Set Up Your JustBoom With PiCorePlayer
This guide will show you how to obtain, install and configure piCorePlayer using a JustBoom card.
Remember that this guide will cover slightly different steps when configuring the Wi-Fi for the Raspberry Pi Zero or the full Raspberry Pi.
Before you start.
piCorePlayer has been tested with:
- JustBoom Amp HAT
- JustBoom DAC HAT
- JustBoom Digi HAT
- JustBoom Amp Zero
- JustBoom DAC Zero
- JustBoom Digi Zero
Section 1 – Retrieve the image
Step 1 – With your browser head to piCorePlayer and click on Download.
If you are familiar with this section and you are using a Raspberry Pi Zero you can skip directly to Section 2 – Configure WiFi otherwise skip to Section 3 – Configure piCorePlayer
Step 2 – Select either of the latest versions. The “Audio Optimised” one allows for additional setting in the configuration which are available for a more advanced usage and will not be covered in this guide.
Step 3 – Use our favourite tool Etcher to transfer the image onto a Micro SD card. Select the image you want to flash, choose the drive on which to write and flash the card.
Note that the footprint of this OS allows for it to be stored on very small cards so any micro SD will do just fine.
Step 4 – After a while your image will have been written onto your Micro SD card. Remove it from your reader and insert it in your Raspberry Pi.
Make sure that you have followed one of our assembly guides before you get to this point.
Section 2 – Configure WiFi
If you are not planning on using the Ethernet interface of your Raspberry Pi B+, 2B or 3B or simply because you are running piCorePlayer on a Raspberry Pi Zero you will need to configure the Wi-Fi settings.
- An easy approach for using piCorePlayer via Wi-Fi on a full Raspberry Pi is to configure the Wi-Fi settings by connecting via Ethernet at first and once the settings are done remove the Ethernet cable.
- The second method requires for you to run the setup command from a monitor connected to your Raspberry Pi Zero and configure the Wi-Fi during first boot.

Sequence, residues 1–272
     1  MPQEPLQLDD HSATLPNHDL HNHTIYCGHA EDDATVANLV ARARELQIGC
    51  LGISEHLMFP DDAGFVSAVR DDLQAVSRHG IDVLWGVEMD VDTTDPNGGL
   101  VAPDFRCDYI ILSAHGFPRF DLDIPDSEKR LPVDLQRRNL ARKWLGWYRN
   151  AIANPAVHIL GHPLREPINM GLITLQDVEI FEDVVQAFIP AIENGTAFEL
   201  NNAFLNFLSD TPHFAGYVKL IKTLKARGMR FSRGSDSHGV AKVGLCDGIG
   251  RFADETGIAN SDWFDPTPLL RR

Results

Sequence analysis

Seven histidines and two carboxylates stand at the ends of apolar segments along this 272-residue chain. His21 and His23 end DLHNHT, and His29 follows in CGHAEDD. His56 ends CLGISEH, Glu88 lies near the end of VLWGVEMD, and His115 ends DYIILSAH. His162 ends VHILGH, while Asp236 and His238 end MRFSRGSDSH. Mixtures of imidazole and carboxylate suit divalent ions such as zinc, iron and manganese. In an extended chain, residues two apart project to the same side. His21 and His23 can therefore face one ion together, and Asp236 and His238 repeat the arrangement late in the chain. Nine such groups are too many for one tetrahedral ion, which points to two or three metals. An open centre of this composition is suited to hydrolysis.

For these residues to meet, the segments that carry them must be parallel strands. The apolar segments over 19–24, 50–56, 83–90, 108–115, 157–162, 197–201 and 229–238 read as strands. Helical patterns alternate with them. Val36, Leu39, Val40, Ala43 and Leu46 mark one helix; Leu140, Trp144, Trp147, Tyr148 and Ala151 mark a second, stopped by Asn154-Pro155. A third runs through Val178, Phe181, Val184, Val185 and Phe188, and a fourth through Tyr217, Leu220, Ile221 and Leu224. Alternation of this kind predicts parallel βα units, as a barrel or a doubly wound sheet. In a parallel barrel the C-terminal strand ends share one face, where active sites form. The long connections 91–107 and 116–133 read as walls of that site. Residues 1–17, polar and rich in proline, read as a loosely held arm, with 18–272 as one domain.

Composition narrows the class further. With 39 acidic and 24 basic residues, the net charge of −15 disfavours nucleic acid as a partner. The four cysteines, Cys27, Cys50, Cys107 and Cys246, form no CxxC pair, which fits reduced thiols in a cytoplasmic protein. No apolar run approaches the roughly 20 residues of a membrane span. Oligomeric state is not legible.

Follow steps 1.x for method 1 and 2.x for 2.
Step 1.1 – With your browser point to http://<your IP>. This should take you to piCorePlayer’s home page. Check the notes below.
Click on “Wifi Settings”. Turn On the Wifi and fill in the details accordingly. If you are not using the on board Wifi on the Raspberry Pi 3B remember to deselect it.
Once done click on “Save/Connect”.
Step 1.2 – Click “OK” to reboot the Raspberry Pi.
On startup you will be connected to the Wi-Fi you configured.
Step 2.1 – With a keyboard and monitor connected to your Raspberry Pi press Enter the get a prompt on the shell then type
A window will open, select “Continue”.
Step 2.2 – Select “Wifi”.
Step 2.3 – Select “No” in order to edit the settings for the Wi-Fi connection. Select “Yes” to turn the Wi-Fi on.
Step 2.4 – Once the various parameters are set select “OK” and press the “Yes” to accept the new settings and finally “Exit” to close the windows.
Write the following command to restart the system:
Section 2 – Configure piCorePlayer
Step 1 – Power up your Raspberry Pi and wait a couple of minutes for the OS to boot up completely.
Point your browser to http://<your IP> to be redirected to piCorePlayer’s main page*. Once there click on “Squeezelite Settings”.
Step 2 – From “Audio output” drop down menu select your JustBoom card then click “Save”.
Step 3 – piCorePlayer will make the necessary changes and ask you to reboot the system. Click “OK”.
Step 4 – The page should automatically refresh once the system has fully rebooted but if it doesn’t click on “Go to Main Page” to manually refresh.
Step 5 – If all has gone well the main page should show that Squeezelite is running and ready to be used via Logitech Media Server.
Step 6 – You can install LMS on your local machine or directly on piCorePlayer. You can visit their How to section for more information.
Remember to select the right player within LMS as shown in the picture.
You will now be able to enjoy piCorePlayer with your JustBoom card.
*Note that the IP address of piCorePlayer can be found in several ways the easiest of which is to have a monitor connected to the Raspberry Pi and once the boot process is finished you should be able to find the IP address within the last two lines on the screen. In our case it was: